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Home arrow History arrow The Art of World-Making: Nicholas Greenwood Onuf and his Critics

What are social mechanisms?

Social mechanisms are frequently described as intermediary constructs between covering law propositions at one extreme and pure description at the other. They provide explanations for outcomes and are conceptualized as causal in that they transform an input into an output, a trigger into an effect. They are described in the form of I-M-O (Hedstrom and Swedberg 1998, 9), where I stands for input, O for output, and M for the mechanism in the middle. Indeed, scholars engaged in positivist research often resort to mechanisms in order to explain correlations - mechanisms help them make sense out of observed regularities between phenomena.

Social mechanisms provide answers to how questions. How (i.e., by what generative force) was a certain effect brought about? Mechanisms thus capture processes; they trace the logic of events in the making. In this sense they suggest themselves as methodological tools to explain realities of social construction.

Mechanisms indicate causality. Some have suggested that they break down broad processes into a succession of micro-level events at a lower level of analysis (e.g., George and Bennett 2005). But this technique ultimately would reduce mechanisms to no more than description at an ever-more detailed scale, reformulating mechanisms into intermediary variables. It holds on to an image of efficient causation, which imitates positivist understandings in that it imagines an event or outcome as produced by another event that precedes it. But more usefully, mechanisms should be treated as having generative force or causal power, transforming one event into another. In Banta’s words, they have “dispositional properties . . . that, when activated within a system, generate events” (Banta 2013). For feminist Constructivists, these dispositional properties are gendered norms, rules, discourse, structures, and symbols.

While mechanisms can be identified to explain unique situations (such as, for example, revolutions (e.g., Tilly 2001)), most writers postulate that they have a certain level of generality. They should be applicable to a range of events and in different contexts (Gross 2009). But mechanisms are not predictive in the way covering laws are predictive. That is, it is difficult to assess the conditions under which a mechanism is triggered. Moreover, the same mechanism can lead to different outcomes. Several mechanisms typically operate in parallel, either reinforcing or contradicting each other. And thus the outcomes of a triggering event cannot be known in advance. In this sense, explanations based on mechanisms are supremely attuned to contexts, closely linked to the historical situation and geographical location of events. They cannot provide prediction but they can serve as tools for forecasting. That is, they do not take the form of true/false, but aid in developing open-ended and varied story lines in which theories, propositions, and correlations serve as starting points (Lebow 2014, 48).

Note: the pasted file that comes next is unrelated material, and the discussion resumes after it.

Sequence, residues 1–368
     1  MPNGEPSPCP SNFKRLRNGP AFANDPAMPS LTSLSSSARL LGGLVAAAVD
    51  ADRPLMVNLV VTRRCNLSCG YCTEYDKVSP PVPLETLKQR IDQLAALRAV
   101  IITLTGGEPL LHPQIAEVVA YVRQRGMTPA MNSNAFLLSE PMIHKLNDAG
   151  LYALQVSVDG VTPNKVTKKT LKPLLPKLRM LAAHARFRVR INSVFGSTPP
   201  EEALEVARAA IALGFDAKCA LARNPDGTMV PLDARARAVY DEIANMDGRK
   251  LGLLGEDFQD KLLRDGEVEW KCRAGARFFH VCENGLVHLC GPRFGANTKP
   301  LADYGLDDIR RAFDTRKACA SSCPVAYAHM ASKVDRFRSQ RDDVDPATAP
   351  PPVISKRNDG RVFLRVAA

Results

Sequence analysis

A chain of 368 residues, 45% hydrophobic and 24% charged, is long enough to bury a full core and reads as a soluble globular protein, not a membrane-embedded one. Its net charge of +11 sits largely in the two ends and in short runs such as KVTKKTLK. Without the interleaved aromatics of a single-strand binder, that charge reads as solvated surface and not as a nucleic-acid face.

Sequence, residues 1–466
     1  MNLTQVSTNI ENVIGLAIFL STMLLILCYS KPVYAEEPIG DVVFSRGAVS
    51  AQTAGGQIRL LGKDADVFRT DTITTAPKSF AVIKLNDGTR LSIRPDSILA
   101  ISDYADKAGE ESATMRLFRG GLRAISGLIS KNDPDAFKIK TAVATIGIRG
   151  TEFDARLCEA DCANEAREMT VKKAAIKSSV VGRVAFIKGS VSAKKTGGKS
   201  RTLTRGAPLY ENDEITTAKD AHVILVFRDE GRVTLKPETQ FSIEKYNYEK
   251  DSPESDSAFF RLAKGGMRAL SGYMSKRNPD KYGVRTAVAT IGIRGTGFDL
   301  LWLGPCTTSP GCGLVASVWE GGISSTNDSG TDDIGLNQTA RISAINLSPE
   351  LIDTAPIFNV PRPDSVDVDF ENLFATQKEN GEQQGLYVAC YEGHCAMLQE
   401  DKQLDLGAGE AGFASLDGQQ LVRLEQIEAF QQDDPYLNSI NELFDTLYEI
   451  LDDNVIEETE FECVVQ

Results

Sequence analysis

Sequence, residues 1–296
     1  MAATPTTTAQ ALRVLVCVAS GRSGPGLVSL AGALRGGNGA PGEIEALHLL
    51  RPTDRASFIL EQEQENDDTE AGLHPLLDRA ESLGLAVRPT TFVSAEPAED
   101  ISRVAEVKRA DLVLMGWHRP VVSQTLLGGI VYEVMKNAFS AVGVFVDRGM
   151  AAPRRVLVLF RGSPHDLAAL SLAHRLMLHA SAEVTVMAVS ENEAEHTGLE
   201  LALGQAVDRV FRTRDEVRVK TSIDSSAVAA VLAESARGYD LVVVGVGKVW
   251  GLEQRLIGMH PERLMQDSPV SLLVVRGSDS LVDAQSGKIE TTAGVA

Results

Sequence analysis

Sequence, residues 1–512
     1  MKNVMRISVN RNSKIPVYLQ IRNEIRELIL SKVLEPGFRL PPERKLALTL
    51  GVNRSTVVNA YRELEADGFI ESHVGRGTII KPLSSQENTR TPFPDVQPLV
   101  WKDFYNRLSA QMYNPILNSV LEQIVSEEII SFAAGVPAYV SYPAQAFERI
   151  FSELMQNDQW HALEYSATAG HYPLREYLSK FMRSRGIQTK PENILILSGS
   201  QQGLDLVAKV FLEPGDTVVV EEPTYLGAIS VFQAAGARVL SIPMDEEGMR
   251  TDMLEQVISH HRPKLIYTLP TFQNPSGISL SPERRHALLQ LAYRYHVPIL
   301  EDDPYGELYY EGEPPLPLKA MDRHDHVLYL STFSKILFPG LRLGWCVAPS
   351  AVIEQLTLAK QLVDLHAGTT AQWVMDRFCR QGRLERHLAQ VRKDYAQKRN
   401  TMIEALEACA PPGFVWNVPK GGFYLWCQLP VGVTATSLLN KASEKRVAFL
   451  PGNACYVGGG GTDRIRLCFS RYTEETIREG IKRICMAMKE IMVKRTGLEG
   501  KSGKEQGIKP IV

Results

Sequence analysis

Social mechanisms thus offer an interesting tool for feminist Constructivists interested in pushing beyond situated interpretation while unwilling to embrace the logic of theory-testing. Because they are not attached to one particular theory, mechanisms are adaptable to a range of feminist Constructivist agendas. But while the versatility of the instrument is one of its strengths, the concept also is full of pitfalls. Two issues in particular need attention. The first has to do with a bias in the literature towards Methodological Individualism; the second with a bias towards Philosophical Realism.

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